The top five financial stressors for Generation Z
Published by: LifeWorks,
Generation Z employees just entering the workforce are stressed about making ends meet. Along with high costs of living and student loan debt, many Millennials also have little experience of money management and taxes, and more still see credit cards as a temporary solution.
Financial stress can cause distracted thinking at work, making young employees less efficient, and in more severe cases driving up absence and sick leave.
As a result, Generation Z workers believe their employers should invest in initiatives geared toward teaching them more about general financial literacy, managing debt, saving for retirement and budgeting. This was a key discovery in the LifeWorks report, “The Financial Wellness of Gen Z – The Good, the Bad, and the Ugly.”
The top five financial stressors are:
- Cost of living, 58 percent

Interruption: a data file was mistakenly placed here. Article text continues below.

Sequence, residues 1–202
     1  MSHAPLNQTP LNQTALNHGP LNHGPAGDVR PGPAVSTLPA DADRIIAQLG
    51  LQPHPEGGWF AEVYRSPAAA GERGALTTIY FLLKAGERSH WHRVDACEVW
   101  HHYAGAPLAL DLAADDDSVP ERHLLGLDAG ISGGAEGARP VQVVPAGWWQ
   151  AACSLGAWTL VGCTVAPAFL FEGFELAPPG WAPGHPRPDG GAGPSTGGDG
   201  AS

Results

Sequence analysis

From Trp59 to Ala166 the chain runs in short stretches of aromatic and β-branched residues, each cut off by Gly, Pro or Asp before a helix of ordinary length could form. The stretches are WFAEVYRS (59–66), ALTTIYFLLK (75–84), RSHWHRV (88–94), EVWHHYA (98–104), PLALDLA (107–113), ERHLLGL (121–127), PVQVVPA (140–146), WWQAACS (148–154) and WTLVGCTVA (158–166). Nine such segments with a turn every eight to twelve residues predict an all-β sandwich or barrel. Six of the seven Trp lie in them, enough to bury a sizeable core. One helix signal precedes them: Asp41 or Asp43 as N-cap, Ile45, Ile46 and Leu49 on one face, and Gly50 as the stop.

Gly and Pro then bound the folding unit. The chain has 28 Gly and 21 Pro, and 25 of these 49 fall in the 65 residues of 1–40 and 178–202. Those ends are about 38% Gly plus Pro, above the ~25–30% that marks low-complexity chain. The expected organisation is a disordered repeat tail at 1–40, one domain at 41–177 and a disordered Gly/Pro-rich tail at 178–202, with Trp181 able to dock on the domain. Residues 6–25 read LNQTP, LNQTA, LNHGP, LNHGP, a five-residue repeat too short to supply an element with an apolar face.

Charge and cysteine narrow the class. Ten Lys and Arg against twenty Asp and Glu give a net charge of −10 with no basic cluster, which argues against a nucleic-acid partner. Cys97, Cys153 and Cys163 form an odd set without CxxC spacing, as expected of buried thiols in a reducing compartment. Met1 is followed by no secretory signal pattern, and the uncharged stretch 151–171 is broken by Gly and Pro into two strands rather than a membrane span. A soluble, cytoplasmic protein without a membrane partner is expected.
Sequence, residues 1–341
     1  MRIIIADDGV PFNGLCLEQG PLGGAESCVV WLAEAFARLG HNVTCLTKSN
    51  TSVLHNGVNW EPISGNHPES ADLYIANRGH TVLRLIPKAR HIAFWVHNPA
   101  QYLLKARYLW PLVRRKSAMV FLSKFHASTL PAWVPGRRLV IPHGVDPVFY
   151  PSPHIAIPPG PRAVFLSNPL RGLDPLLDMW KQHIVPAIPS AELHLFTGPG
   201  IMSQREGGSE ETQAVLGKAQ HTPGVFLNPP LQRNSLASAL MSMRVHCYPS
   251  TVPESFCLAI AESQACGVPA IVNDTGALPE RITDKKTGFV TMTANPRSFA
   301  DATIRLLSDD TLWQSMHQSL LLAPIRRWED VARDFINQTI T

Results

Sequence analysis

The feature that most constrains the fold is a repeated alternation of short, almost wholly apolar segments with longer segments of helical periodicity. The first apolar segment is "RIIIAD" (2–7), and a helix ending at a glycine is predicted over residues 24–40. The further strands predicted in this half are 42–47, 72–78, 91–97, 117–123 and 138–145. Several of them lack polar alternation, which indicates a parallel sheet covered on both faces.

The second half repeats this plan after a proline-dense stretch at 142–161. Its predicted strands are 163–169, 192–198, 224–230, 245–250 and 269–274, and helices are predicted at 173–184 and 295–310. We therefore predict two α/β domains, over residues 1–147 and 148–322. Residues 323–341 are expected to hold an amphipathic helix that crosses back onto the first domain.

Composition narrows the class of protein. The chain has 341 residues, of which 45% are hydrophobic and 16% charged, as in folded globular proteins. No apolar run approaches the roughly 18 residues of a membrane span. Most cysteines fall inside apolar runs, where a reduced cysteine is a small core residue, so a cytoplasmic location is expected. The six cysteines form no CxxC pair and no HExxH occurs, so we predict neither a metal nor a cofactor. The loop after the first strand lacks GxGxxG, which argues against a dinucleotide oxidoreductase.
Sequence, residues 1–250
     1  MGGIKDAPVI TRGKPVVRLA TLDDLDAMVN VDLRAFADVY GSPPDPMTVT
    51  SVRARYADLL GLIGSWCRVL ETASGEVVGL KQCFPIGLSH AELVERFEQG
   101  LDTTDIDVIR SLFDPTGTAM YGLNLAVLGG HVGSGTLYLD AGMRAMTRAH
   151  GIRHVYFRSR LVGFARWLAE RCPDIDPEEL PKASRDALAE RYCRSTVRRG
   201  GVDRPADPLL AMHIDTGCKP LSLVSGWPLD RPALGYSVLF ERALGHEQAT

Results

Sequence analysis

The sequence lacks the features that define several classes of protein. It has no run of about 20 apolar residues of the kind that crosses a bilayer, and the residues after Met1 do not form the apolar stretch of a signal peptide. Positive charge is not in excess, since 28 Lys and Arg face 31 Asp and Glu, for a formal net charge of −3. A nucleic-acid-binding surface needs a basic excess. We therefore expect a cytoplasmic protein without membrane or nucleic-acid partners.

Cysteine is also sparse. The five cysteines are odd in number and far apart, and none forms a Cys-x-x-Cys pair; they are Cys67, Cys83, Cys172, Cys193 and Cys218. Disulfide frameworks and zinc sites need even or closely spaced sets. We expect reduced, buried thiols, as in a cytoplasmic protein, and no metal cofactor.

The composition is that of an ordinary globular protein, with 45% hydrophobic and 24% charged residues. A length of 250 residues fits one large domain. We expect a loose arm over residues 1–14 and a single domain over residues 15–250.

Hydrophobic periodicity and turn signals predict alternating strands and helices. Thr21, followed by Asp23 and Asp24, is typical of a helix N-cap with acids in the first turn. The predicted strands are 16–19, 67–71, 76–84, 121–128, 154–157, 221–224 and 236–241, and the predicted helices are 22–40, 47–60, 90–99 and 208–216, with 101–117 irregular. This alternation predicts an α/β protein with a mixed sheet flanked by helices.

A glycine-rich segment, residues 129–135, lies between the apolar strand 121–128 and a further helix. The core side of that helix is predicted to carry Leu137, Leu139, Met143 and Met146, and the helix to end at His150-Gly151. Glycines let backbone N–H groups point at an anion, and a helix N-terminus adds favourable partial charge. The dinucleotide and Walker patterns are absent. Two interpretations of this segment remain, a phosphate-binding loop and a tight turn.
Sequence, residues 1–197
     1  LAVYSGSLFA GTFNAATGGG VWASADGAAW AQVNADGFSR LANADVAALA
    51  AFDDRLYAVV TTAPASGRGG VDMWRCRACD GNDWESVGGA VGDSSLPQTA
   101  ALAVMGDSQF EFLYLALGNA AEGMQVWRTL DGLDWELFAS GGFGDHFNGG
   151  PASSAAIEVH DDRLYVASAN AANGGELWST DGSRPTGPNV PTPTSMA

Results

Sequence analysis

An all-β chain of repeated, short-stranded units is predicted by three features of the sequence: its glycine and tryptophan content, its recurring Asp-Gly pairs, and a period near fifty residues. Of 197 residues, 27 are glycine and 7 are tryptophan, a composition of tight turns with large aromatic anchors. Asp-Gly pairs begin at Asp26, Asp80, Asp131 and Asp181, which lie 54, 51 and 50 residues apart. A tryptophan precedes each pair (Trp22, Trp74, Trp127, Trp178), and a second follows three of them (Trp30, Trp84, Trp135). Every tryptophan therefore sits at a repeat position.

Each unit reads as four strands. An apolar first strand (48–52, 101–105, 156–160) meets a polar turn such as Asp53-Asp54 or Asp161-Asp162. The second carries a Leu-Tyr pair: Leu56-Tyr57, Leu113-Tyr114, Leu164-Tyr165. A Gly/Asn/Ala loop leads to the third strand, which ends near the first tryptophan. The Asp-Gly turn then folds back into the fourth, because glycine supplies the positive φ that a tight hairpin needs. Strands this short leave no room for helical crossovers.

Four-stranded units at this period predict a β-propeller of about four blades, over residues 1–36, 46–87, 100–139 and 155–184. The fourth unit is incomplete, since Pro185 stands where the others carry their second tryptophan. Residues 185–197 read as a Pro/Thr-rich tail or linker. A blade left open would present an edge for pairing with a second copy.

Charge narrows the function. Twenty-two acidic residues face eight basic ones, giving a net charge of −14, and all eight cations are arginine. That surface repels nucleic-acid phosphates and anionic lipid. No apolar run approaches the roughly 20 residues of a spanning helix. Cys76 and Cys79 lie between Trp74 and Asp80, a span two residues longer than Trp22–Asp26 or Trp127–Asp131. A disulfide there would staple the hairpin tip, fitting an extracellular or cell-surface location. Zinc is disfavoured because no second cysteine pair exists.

- Student loan debt, 41 percent
- Taxes, 34 percent
- Poor spending habits, 33 percent
- Credit card debt, 29 percent
The report found that Generation Z employees sometimes have no choice but to get into more debt. When they face unexpected expenses, 31 percent resort to using credit cards, implying they don’t have enough to cover the cost of emergencies.
They’re also struggling to save, with 19 percent of Generation Z employees not putting anything into savings each month and almost one quarter putting away less than $50.
But it’s not all bad. In the LifeWorks survey of 751 Gen Z employees in the US, Canada, and the UK, a total of 77 percent said they have a clear set of financial goals and know how to achieve them. However nearly the same percentage say they’re moderately to very stressed about finances.
While Generation Z brings ambitious goals and a healthy approach to money management, there are quite a few obstacles standing in their way and these financial issues hurt their overall well-being.
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